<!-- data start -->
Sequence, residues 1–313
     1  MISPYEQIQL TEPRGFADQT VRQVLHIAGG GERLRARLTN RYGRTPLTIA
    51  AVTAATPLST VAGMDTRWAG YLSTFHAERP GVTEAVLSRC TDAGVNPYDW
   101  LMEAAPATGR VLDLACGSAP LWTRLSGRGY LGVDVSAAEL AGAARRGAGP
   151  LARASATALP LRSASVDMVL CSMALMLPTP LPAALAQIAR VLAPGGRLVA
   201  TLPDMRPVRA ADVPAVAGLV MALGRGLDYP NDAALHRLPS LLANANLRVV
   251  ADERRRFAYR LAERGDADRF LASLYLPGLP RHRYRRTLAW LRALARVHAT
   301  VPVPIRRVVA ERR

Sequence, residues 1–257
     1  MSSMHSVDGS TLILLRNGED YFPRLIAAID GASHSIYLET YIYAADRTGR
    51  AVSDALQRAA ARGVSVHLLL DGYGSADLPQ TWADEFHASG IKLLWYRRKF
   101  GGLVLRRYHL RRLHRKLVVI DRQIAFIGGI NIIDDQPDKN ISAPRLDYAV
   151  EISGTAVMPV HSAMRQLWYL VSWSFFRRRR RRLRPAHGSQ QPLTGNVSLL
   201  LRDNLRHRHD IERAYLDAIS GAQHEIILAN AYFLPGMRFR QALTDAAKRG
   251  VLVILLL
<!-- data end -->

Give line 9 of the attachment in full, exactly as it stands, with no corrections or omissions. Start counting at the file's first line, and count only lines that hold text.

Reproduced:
Sequence, residues 1–257